Once again, we ventured out to the wilds of Toronto for a quick four-day trip, this year a week later than last (http://chowhound.chow.com/topics/884625) so we got a real taste of winter during the first snowstorm of the year.
I'll post in two chunks as it's rather long!
Things were a bit crazy so I didn't even get a chance to post in advance but thanks to some desperate research on the board here and some help from TO Hounds offboard, I managed to put together a decent itinerary.
We had planned to fly out together but the SO ended up coming in a day late from SF so I stuck to my guns and went out for dinner at Bar Isabel the first night. The plane had been delayed an hour and it was really cold so I grabbed a cab, only to arrive to the boiling hot room (a forgotten Toronto thing -- freezing outside, tropical inside!).
I was seated at the bar and very well taken care of all night, starting with the Older Flame, dried apricot, pineapple, mango and fresh lemongrass infused gin, lemon juice, simple syrup, egg white, chartreuse flame (usually $14 but see below).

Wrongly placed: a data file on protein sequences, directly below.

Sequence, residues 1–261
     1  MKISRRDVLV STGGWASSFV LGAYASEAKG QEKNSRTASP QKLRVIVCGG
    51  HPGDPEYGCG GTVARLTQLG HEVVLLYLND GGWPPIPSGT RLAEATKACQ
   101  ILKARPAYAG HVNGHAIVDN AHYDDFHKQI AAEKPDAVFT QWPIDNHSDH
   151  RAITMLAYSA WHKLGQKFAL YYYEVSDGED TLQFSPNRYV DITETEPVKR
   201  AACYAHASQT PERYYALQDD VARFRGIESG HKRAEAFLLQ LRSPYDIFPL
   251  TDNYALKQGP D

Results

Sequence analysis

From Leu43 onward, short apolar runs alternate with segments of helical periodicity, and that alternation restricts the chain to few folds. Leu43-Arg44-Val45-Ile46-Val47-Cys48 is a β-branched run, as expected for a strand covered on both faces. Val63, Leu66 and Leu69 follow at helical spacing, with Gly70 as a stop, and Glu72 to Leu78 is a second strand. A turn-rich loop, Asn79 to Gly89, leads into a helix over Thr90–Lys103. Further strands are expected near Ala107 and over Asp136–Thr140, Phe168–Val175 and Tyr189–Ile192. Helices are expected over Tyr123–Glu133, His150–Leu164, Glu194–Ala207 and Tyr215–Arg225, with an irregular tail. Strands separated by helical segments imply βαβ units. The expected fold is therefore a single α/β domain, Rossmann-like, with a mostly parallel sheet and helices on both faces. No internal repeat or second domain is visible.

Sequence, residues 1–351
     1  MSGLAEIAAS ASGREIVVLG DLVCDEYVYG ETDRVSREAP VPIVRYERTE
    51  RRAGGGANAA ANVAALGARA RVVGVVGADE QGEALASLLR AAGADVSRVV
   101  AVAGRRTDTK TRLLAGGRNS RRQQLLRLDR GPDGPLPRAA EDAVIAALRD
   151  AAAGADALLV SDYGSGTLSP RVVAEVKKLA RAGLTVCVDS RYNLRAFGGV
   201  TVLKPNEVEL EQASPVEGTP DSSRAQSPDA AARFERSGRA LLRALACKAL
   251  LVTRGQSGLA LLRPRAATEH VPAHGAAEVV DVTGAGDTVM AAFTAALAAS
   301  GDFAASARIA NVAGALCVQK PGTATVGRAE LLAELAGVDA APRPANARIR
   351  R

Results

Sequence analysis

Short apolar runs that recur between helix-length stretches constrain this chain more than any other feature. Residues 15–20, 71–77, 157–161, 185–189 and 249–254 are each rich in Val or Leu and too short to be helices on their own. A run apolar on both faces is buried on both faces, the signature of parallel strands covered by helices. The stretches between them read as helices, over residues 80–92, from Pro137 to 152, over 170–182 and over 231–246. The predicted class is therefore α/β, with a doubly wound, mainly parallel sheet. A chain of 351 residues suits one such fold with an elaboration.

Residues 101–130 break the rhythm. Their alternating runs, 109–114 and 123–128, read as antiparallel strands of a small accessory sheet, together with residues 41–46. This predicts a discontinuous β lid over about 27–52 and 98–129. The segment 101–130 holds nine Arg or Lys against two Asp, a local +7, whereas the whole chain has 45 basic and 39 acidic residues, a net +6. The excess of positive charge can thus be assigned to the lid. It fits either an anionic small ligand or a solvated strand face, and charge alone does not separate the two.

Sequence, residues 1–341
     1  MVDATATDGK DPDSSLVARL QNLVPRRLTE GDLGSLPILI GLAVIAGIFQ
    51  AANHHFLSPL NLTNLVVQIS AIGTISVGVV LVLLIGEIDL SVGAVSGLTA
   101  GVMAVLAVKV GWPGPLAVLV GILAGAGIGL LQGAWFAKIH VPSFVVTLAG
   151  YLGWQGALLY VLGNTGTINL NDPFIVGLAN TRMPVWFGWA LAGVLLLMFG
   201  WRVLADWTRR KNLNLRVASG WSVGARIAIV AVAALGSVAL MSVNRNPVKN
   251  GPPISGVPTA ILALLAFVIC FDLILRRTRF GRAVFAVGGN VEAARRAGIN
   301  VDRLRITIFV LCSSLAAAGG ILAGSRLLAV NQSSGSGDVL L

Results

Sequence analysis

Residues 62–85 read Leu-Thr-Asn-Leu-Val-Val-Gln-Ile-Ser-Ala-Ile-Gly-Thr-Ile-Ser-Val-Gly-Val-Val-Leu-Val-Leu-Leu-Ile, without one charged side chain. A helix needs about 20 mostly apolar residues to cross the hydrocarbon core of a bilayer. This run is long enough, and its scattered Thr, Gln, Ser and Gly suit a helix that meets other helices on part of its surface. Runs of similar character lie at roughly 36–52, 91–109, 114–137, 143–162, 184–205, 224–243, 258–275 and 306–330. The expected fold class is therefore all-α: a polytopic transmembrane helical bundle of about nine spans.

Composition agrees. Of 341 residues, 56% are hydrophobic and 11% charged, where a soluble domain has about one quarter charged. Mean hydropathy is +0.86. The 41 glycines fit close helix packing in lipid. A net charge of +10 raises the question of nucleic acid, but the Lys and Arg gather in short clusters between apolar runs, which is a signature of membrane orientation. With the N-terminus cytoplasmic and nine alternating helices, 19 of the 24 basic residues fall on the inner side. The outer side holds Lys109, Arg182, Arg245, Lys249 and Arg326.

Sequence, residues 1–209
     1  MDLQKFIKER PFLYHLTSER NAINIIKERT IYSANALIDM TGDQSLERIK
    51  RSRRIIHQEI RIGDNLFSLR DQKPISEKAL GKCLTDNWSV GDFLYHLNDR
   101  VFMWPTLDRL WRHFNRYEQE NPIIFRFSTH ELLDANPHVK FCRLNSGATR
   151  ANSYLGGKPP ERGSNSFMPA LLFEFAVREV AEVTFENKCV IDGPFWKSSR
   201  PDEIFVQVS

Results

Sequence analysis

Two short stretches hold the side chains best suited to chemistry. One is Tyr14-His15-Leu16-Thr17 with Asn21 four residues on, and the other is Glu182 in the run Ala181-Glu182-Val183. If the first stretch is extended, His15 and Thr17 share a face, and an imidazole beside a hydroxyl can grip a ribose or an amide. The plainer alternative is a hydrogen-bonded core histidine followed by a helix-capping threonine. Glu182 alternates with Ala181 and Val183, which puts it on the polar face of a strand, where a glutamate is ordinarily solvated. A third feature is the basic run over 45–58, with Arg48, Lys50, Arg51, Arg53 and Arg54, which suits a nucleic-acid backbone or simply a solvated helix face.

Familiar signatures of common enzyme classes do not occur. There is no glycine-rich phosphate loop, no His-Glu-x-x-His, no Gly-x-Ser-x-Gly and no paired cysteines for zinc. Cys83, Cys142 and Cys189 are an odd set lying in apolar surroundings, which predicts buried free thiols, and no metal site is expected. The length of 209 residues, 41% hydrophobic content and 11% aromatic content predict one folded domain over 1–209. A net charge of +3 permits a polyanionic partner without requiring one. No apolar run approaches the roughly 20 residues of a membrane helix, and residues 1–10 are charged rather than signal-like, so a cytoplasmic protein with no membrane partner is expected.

The deviled egg with salt cod, morcilla and Hollandaise was two largeish perfect bites of bar food ($6). I can never resist ordering patatas bravas ($7 for the regular version) and these were tasty if a bit heavy on the green onions. The chorizo verde with escarole ($12) was a great combo, as were the chick peas with pea shoots, crispy mustard seeds and arbol chile, though the latter was not much in evidence ($6).